Is Vitamin D the Key to Reducing Breast Cancer Risk?

An Arivale Hot Topic

Niha Zubair, Arivale Clinical Research Scientist, PhD
Niha Zubair
Arivale Clinical Research Scientist, PhD

Earlier detection and better treatments have reduced the mortality rate of breast cancer. Unfortunately, there has been no similar reduction in the number of new breast cancer cases over the past two decades.

Vitamin D may be the solution – at least according to a study published last month in PLOS One and covered by Medical News Today.

Past studies have suggested that higher concentrations of 25-hydroxyvitamin D – a major vitamin D biomarker – in a person’s body can lower their risk of breast cancer. However, many of those studies were unable to assess this association in concentrations of 25-hydroxyvitamin D, or 25(OH)D, over 40 ng/ml.

A 25(OH)D concentration of 20 ng/ml or more is generally considered adequate for bone and overall health. But, many people barely meet this criteria or are below it, making it difficult to assess how relatively higher concentrations of 25(OH)D affect or don’t affect breast cancer risk.

The Study

Unlike in previous studies, this new study was able to investigate the relationship between 25(OH)D and breast cancer risk across a broad range of concentrations in women 55 or older. Researchers pooled data from two randomized clinical trials and a prospective cohort study to obtain a larger population to analyze.

After pooling data, over 5,000 participants were included. Women were followed for a median of four years, during which time 77 were diagnosed with breast cancer.

The researchers grouped women based on their 25(OH)D concentrations and found an 82-percent lower incidence rate of breast cancer in women with concentrations of 60 ng/ml or more compared to women with concentrations under 20 ng/ml.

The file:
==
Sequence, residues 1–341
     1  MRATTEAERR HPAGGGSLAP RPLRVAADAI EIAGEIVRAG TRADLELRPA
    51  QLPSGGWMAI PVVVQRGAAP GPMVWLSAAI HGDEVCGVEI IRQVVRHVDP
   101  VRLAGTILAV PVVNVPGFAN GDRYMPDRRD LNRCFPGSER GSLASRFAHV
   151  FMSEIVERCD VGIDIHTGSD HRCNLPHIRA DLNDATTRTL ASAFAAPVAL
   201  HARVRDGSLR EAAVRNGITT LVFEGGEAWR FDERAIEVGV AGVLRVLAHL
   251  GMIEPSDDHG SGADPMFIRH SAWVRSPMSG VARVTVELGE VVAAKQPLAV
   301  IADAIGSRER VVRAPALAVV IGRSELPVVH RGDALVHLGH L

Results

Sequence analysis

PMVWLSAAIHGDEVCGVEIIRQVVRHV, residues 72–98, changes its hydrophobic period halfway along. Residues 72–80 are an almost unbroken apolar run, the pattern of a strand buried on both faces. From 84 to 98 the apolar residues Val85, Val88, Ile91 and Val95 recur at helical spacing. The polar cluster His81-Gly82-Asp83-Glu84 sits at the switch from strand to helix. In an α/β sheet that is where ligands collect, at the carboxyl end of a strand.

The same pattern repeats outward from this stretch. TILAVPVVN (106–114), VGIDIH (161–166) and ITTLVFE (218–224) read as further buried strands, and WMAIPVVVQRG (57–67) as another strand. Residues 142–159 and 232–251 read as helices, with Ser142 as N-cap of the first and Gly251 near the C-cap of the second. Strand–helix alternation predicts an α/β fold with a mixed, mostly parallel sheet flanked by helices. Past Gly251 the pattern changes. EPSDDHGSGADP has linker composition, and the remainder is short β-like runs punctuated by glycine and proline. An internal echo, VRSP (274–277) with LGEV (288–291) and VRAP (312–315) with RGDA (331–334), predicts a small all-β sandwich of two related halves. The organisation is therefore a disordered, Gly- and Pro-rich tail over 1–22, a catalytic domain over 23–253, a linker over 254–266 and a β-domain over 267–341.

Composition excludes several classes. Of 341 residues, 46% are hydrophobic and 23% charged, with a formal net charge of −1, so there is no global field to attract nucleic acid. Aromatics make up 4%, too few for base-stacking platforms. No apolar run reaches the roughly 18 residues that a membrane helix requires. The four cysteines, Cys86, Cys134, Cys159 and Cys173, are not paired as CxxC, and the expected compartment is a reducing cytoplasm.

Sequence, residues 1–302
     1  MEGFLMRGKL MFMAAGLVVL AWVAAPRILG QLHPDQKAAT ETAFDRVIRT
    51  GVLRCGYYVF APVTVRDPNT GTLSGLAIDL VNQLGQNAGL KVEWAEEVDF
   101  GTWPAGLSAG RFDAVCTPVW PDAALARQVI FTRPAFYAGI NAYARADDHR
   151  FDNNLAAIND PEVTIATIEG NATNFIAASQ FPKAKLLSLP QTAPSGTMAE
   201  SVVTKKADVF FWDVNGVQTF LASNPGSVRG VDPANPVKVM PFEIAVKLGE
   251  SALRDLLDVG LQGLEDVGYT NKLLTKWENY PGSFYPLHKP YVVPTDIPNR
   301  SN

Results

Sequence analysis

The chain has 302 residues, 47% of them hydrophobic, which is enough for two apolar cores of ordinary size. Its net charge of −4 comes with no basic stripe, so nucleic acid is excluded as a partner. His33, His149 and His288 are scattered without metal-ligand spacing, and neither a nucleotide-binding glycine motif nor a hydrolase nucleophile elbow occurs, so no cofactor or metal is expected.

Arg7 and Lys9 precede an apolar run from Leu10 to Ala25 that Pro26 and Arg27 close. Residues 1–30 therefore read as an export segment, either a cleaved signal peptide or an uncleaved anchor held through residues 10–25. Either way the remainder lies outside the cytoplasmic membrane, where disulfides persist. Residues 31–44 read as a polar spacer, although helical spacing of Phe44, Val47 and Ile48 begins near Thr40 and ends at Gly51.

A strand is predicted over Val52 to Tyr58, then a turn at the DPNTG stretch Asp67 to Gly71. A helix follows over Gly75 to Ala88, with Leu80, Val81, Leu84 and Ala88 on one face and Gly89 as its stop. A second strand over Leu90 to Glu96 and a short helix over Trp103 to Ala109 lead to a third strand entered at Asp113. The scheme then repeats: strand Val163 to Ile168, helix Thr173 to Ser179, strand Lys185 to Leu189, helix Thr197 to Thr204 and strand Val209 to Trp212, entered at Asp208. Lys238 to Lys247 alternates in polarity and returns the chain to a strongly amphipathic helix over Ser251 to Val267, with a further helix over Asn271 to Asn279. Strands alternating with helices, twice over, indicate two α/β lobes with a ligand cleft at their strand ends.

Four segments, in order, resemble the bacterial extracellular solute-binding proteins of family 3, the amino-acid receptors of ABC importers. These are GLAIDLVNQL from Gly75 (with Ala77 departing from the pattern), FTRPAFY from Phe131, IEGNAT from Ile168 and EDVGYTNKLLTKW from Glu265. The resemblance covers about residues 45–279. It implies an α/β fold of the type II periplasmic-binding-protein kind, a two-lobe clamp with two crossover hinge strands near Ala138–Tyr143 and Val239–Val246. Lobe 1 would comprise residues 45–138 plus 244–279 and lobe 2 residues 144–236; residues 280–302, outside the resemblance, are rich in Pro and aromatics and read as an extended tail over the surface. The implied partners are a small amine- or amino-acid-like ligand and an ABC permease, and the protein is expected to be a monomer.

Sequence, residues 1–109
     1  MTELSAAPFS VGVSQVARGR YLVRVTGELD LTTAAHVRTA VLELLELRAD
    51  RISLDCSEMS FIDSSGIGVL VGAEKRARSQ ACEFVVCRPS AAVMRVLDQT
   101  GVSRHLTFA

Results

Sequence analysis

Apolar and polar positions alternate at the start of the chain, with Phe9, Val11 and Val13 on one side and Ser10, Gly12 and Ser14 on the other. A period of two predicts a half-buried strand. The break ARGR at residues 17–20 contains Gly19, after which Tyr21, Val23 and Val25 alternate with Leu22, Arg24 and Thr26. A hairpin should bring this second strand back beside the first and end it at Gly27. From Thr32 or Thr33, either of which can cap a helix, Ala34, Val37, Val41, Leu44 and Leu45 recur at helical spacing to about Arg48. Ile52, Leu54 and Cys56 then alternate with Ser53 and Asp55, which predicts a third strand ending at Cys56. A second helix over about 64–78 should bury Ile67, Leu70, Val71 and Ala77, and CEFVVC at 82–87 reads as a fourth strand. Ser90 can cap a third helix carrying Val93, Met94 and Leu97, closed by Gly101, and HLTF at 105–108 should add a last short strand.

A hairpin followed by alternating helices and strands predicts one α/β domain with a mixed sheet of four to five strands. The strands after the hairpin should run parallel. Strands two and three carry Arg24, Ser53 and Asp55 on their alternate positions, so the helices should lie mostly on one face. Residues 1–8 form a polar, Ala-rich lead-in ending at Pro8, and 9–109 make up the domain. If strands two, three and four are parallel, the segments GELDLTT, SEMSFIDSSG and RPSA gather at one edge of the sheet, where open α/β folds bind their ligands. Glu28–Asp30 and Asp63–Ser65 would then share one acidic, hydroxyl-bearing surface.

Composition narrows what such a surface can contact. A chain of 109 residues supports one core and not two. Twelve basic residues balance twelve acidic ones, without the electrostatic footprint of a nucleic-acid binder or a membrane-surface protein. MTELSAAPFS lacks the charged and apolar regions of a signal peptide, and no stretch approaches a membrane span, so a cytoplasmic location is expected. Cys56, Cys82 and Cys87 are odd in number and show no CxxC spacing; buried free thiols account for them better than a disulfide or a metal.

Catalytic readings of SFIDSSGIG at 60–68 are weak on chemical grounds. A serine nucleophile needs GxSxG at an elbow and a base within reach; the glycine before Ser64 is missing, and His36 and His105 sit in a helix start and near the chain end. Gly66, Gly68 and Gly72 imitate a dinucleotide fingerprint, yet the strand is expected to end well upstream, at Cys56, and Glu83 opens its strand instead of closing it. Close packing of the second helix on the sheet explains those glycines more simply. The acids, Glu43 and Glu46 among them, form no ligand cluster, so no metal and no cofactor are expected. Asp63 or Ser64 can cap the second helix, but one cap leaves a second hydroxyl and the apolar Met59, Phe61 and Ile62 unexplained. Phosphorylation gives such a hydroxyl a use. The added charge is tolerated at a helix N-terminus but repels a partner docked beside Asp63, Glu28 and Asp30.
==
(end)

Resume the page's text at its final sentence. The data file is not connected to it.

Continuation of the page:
In addition, they found the highest proportion of breast cancer-free participants was in the 60 ng/ml or more group (99.3 percent) and the lowest proportion of breast cancer-free participants was in the under 20 ng/ml group (96.8 percent).

Statistical analysis revealed there was a continuing decrease in breast cancer risk for women with 25(OH)D concentrations between 20 and 39 ng/ml, 40 and 59 ng/ml, and 60 ng/ml or more in comparison to women with concentrations under 20 ng/ml.

Concentrations of 60 ng/ml or more seemed to be the most protective against breast cancer. Those women had an 80-percent lower risk of breast cancer than women with concentrations under 20 ng/ml. These results were observed after accounting for factors that could potentially influence 25(OH)D concentrations and breast cancer risk, such as age, BMI, smoking status, and calcium supplement intake.

Researchers concluded findings from this study suggest breast cancer incidence could be substantially reduced by increasing 25(OH)D concentrations well above 20 ng/ml, the current baseline recommendation for adequacy.

Arivale’s Take

Emerging research ­suggests that vitamin D concentrations higher than 20 ng/ml are protective against some negative health outcomes. However, there are limitations to this current study.

First, the analysis only included women 55 or older, so the results may not apply to a younger population or men. In addition, the vast majority of participants were white/Caucasian, so the results may not be generalizable to persons of other ethnicities.

Next, because this was a pooled analysis of three individual studies, differences in population demographics and methods among the studies may have affected the results.

Additional limitations include the use of some self-reported data and not being able to account for some risk factors (family history of breast cancer, diet, and estrogen use).

As it stands, more research is needed to clearly determine what concentrations of vitamin D are optimal. As more evidence appears, public health organizations will hopefully alter vitamin D recommendations to encompass a more wide-range of health conditions.

Further Reading

[Arivale Hot Topics address health stories currently in the news. The Arivale Clinical Team’s commentary on these news articles is not a review of the scientific evidence, nor an endorsement of a specific study, and is not meant as official medical opinion.]